GearRunning

The Best Road Running Shoes of 2018

(Photo: Inga Hendrickson)
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Seven top performers for pounding the pavement.

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(Photo: Courtesy Hoka One One)

Hoka One One Mach ($140)

Since Hoka hit the running-shoe scene in 2009, not one of its lightweight megafoam constructions has managed to earn our Gear of the Year honors. This year the curse is broken. The superfast, midfat Mach was the top pick of about half our team, and it earned strong marks from everyone else—a rare instance of something approaching unanimity. Built atop a snappy midsole that’s firmly energetic but easy on the legs, the Mach is thick, quick, and easy to love. “The responsiveness allowed me to get some energy back when I took these on a tempo run,” a tester said. One downside: the thin upper has almost no padding. Another: the soft outsole wears fast and is a little slippery on wet pavement. While there’s enough cushion to take the sting out of heel strikes, the five-millimeter drop makes this best for those who favor the midfoot. At the risk of stating the obvious, the Mach is likely to please runners who prefer maximalist shoes, but with 24 millimeters of stack height, it isn’t so beefy that others won’t enjoy it. At long last, a Hoka that doesn’t polarize. 8.2 oz (men’s) / 6.7 oz (women’s); 5 mm drop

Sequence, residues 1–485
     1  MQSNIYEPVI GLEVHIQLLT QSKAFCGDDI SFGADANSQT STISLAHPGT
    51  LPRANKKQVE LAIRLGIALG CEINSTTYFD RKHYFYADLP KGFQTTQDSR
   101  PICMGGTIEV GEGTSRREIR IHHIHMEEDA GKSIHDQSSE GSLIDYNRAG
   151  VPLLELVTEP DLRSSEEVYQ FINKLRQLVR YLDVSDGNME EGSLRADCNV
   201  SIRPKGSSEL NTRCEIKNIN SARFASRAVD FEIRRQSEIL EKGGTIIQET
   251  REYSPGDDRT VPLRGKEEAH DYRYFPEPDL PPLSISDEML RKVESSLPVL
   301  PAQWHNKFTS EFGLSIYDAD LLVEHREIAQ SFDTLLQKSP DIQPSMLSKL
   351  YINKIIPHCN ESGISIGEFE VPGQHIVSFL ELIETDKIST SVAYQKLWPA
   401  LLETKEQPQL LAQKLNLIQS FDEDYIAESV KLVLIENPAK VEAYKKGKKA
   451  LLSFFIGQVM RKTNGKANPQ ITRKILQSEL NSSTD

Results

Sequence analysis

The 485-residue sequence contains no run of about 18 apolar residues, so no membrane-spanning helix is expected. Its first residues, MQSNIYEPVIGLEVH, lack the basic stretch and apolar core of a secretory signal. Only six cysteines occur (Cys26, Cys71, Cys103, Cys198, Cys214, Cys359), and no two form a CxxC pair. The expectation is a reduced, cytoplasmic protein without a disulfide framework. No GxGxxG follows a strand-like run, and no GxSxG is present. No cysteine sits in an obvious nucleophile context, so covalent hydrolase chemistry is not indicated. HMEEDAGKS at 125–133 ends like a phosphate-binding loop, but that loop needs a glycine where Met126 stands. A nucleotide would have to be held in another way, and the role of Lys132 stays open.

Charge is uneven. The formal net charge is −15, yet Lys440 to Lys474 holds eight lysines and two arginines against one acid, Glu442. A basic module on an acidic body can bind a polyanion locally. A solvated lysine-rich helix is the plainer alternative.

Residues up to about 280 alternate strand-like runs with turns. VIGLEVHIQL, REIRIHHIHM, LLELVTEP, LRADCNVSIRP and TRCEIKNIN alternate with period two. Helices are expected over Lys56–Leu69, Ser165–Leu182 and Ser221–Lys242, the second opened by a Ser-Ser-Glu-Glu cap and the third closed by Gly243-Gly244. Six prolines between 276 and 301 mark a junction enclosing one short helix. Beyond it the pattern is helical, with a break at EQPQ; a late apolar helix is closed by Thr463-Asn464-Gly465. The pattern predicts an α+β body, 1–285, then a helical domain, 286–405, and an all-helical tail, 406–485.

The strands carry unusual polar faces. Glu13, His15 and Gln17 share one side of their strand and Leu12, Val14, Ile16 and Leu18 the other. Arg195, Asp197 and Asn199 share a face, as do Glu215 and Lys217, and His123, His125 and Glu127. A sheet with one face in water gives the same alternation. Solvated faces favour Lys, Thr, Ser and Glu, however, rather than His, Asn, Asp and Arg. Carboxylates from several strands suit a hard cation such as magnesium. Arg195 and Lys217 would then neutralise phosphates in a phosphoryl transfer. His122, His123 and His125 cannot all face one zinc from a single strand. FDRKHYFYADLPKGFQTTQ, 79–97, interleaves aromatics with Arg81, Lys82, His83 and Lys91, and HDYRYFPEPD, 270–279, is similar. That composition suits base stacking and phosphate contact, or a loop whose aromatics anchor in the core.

Men's Women's

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(Photo: Courtesy On)

On Cloud X ($140)

Best crossover trainer

This funky, lightweight low-rider from Swiss upstart On is part cheetah, part gym rat. For purists, it delivered a surprisingly crisp ride on short and medium-length runs. The unusual mid- and outsole construction—hollow foam arches compress to absorb shock—delivers a fairly smooth transition. The attention to detail and quality of construction are impeccable. “The shoe fit my foot extremely well,” one tester said (and several others echoed). Cushion is limited, however, giving the Cloud X a harsher feel than other shoes we tried. It’s designed for efficient, light-landing midfoot strikers—and, frankly, indoor use. Heel strikers and foam addicts should probably look elsewhere. 8.5 oz (men’s) / 6.6 oz (women’s); 6 mm drop

Men's Women's

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(Photo: Courtesy Mizuno)

Mizuno Wave Shadow ($110)

Best for tempo runs

The Wave Shadow is something of a hybrid racing flat and trainer. The shoe is low to the ground, with a thin, moderately firm midsole and very quick turnover. Its greatest asset is the fit, which our team universally praised. But the Wave Shadow won’t pamper you. It’s made for efficiency and ground feel—characteristics favored by lighter, speed-oriented runners—and performed best on three-to-six-mile distances near the red zone, not long-range efforts, where the thin midsole could prove exhausting. Runners who like Mizuno’s firm, responsive ride will enjoy the snappy feel. But the more you weigh (or the harder you land), the more minimalist the shoe feels. 8.8 oz (men’s) / 7.4 oz (women’s); 8 mm drop

Men's Women's

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(Photo: Courtesy Nike)

Nike Epic React Flyknit ($150)

Best for heel strikers